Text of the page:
Those were the words uttered by Mrs.Charlene Webb, of Beaufort, SC upon hearing the Captain was a descendant of the many Barnwell's and Elliotts buried there in St. Helena's churchyard. And then she said, "Why, we're related too -- I am also a descendant of the Barnwell's." An impromptu family reunion in the church hall.
The Captain has family roots deep in the low country. One of the first persons to be buried at St. Helena's was Col. John Barnwell, also known as "Tuscarora Jack"because of the wars he led against the Tuscarora Indians. He was born in Ireland in 1671 and died in South Carolina in June 1724.
Col. John's grandson, Robert Woodward Barnwell, also buried at St. Helena's, was a member of the South Carolina House of Representatives, later the US House of Representatives, and also the President of the University of South Carolina. In 1860 he was a candidate for the Presidency of the Confederacy.
On the Elliott side, Brig. Gen. Stephen Elliott, JR CSA was best known for this defense of Fort Sumter, "converting its ruins into an impregnable fortress. After the War of Northern Aggression he was re-elected to the SC State Legislature, but weakened by wounds and exposure, he died a few months later in February 1866. Another notable Elliott found buried at St. Helena's was William Elliott II was a veteran of the American Revolution, wounded in the Battle of St. John's Island. After the war he developed plantations on Parris Island and Hilton Head, and he was the first to plant Sea Island Cotton in South Carolina. Born in 1761, he died in May 1808.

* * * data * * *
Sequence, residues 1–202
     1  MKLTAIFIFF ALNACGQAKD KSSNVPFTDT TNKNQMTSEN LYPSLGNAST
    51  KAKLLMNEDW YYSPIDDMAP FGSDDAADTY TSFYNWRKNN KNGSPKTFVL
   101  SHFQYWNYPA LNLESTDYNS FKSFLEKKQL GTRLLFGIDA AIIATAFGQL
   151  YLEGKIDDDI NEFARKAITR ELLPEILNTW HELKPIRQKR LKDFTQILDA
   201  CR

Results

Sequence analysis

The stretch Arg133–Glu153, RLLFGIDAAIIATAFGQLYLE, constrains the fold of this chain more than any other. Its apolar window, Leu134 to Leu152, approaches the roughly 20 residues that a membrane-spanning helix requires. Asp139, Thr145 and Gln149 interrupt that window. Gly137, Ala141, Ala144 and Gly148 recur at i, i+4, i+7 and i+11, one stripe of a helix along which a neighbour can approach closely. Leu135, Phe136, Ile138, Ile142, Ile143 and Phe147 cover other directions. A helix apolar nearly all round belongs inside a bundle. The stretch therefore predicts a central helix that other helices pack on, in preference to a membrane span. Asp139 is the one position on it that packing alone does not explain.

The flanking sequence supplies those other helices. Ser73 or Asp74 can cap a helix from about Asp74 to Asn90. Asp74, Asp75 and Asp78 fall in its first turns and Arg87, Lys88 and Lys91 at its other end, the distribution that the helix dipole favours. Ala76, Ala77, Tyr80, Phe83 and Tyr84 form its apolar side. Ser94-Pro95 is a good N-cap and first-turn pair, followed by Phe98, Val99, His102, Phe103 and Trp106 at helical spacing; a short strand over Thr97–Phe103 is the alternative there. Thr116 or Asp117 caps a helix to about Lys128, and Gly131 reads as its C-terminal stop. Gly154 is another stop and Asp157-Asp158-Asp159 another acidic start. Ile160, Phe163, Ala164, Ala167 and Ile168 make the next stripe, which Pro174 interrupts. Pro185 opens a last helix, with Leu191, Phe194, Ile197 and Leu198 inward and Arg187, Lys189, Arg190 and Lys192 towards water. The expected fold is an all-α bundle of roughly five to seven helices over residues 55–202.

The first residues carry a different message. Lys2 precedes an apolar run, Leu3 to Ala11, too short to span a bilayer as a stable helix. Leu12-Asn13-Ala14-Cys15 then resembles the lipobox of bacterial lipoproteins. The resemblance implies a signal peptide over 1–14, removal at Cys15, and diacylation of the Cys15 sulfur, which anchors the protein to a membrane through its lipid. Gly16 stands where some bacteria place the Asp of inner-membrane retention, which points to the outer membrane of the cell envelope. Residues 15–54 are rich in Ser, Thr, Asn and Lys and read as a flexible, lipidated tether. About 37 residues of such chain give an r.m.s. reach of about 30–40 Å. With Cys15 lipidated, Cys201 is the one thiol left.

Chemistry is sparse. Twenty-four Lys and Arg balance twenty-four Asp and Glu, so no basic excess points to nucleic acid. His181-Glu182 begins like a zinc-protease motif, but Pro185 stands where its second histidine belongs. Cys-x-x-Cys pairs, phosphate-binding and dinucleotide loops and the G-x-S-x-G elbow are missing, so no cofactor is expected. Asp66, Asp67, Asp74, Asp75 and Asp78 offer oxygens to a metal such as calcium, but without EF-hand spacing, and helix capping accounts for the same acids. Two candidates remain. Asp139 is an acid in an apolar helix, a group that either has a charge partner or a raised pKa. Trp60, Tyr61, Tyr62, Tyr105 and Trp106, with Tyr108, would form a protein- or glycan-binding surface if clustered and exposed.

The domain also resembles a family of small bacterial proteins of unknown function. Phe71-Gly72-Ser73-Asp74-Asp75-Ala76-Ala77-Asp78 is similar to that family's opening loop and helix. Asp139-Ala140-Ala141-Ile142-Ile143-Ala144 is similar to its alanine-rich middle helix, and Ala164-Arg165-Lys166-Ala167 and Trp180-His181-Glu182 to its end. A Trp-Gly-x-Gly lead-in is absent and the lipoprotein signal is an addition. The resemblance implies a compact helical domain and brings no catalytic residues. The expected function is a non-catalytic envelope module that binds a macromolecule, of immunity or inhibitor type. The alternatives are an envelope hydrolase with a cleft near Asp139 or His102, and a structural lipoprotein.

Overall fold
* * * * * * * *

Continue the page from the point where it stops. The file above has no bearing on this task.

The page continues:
Here are some other images from St. Helena's and Beaufort, SC:
As you can tell, We had a fascinating day wandering about Beaufort, and taking a guided carriage ride. We then motored to Dataw (aka Datha) Island where we were greeted by Jim Gourd, a fellow CCA member, and enjoyed a fun dinner with Jim and his wife Babs.
This morning we are headed towards Charleston -- a two day trip.